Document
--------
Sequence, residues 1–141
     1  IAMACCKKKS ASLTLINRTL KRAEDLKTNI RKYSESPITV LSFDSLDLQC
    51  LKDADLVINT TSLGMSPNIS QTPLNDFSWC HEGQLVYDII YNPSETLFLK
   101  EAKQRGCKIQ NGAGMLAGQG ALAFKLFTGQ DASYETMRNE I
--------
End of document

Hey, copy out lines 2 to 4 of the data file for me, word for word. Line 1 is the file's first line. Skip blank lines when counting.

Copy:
     1  IAMACCKKKS ASLTLINRTL KRAEDLKTNI RKYSESPITV LSFDSLDLQC
    51  LKDADLVINT TSLGMSPNIS QTPLNDFSWC HEGQLVYDII YNPSETLFLK
   101  EAKQRGCKIQ NGAGMLAGQG ALAFKLFTGQ DASYETMRNE I